Despite some challenging circumstances, the 2010 Winter Olympics in Vancouver broke even, VANOC CEO John Furlong confirmed on Friday morning in Vancouver.
VANOC CEO John Furlong announced Friday that the operating budget for the 2010 Winter Games in Vancouver broke even.
Games officials said the $1.9-billion operation resulted in neither a surplus nor a deficit and the $603-million venue development program also came in on budget.
“We made a promise we would not leave behind an unpleasant final surprise, and we made that a priority throughout the Games,” said Furlong.
He said there were several challenges to balancing the operating budget for the Games, including the global financial crisis which cut corporate sponsorships, and an unseasonably warm stretch of weather that forced organizers to dump snow into one of the ski venues from helicopters.
“We chopped hundreds of millions of dollars over the life of the project. It was very hard on morale for the team, but we did what we had to,” he said.
Furlong said if the Games had failed to generate as much money from corporate and government sources, VANOC would have cut costs further in order to balance its books.
But Furlong said he was proud that 91 per cent of the cost of operating the Games still ended up coming from non-government sources.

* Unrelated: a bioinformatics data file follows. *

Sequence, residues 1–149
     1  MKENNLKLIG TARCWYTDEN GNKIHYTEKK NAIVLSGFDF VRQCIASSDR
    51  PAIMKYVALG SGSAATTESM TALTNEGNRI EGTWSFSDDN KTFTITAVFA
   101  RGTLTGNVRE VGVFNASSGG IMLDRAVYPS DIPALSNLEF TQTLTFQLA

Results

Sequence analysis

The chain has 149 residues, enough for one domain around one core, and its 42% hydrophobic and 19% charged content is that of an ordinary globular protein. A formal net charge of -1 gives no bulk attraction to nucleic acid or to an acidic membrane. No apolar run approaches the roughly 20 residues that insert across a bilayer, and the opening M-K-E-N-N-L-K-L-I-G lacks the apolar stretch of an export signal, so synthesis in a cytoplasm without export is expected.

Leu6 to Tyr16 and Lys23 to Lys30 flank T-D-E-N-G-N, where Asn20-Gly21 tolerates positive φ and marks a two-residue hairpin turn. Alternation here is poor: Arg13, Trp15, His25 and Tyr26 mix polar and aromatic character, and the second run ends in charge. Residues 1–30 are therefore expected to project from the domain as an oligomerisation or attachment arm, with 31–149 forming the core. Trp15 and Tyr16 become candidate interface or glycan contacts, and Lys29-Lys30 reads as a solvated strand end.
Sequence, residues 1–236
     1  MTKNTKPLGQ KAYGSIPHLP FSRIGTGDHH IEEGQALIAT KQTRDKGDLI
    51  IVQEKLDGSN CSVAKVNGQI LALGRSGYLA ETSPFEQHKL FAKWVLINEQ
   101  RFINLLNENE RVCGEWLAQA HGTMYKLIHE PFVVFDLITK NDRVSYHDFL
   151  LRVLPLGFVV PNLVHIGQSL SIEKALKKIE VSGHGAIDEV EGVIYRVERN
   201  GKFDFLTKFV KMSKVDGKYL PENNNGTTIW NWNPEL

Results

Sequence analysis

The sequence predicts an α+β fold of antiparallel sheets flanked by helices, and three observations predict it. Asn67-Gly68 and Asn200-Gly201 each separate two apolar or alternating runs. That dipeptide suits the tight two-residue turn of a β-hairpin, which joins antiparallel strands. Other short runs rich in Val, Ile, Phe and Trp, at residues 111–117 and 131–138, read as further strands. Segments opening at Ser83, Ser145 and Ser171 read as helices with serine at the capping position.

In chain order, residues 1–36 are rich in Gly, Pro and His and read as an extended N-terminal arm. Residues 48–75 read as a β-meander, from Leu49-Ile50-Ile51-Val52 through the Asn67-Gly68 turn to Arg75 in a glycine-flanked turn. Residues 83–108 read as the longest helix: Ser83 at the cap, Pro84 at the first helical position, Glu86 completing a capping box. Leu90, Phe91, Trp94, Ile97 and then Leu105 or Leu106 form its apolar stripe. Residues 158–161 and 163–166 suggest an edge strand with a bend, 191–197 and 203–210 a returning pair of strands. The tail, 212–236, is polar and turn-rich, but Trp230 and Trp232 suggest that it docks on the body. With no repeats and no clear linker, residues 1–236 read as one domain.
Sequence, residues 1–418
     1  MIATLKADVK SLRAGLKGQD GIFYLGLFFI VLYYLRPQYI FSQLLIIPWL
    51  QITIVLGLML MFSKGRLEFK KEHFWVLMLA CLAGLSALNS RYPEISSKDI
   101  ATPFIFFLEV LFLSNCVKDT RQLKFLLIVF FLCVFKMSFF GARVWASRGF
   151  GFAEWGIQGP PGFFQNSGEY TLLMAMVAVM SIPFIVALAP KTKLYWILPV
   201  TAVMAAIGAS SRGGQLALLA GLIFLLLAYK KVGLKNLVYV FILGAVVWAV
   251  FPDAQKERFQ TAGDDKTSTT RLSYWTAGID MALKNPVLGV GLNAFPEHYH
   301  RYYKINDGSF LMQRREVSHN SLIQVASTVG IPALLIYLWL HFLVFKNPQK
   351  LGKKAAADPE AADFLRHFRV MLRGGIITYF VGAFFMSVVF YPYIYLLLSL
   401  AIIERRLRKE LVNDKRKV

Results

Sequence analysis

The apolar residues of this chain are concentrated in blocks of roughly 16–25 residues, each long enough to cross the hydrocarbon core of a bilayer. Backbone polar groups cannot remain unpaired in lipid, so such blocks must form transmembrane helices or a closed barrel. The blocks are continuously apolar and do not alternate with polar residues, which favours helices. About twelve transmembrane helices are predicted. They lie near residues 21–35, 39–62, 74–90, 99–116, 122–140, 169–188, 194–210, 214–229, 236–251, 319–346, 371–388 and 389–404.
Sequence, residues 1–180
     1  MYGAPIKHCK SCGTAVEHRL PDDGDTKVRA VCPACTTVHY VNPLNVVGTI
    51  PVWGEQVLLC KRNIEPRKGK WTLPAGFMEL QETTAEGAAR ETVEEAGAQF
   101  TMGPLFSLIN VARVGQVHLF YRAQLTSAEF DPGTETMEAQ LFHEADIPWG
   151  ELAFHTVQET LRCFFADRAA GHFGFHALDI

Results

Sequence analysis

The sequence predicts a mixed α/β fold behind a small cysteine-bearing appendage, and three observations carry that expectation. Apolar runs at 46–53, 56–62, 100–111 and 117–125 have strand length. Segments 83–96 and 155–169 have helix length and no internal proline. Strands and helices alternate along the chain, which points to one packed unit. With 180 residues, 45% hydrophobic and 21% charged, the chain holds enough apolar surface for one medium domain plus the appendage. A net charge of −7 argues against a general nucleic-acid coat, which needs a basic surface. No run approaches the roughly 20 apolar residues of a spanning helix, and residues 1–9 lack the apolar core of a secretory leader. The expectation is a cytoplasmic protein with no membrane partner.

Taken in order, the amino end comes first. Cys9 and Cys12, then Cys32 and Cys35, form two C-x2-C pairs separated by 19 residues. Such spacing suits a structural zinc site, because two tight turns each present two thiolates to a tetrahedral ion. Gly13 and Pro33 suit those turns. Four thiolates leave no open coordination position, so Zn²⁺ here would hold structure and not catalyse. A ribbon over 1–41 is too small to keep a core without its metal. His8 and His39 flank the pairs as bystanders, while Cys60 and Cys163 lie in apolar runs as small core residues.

Governments contributed $187M
The provincial and federal governments ended up contributing about $187 million to the operating budget, but that figure does not include the cost of building the venues, the Olympic Village, transportation projects and security, which were also paid for by the two governments.
Furlong said the government money was used to target key areas such as the cross-Canada torch relay and the Paralympic Games, and “take them to a new level.”
Canadian speedskater Catriona Le May Doan lights the Olympic cauldron during the closing ceremony of the Vancouver Olympics. (Jae C. Hong/Associated Press)
“It was the torch relay that gave every Canadian their connection to the Games,” said Furlong, while government money was used to support the Paralympics after those games failed to attract as much sponsorship as the Olympics.
Two other reports released by the provincial and federal governments earlier on Friday said the 2010 Olympics created more than 45,000 jobs and generated about $2 billion in real gross domestic product.
PriceWaterhouseCoopers conducted the studies, which looked at the impact the 2010 Games had on the province and on the country, finding they increased tourism spending by almost $500 million.
“Canada’s tourism brand is now No. 1 in the world,” said Furlong, crediting the exposure the Games gave the country internationally.
When asked about key memories from the Games, Furlong cited the commitment of volunteers and the closing ceremony, which included a humorous response to the failure of one of the arms of the torch to rise from the floor during the opening ceremony.
Yeah we didn’t loose money! Let’s do it again!!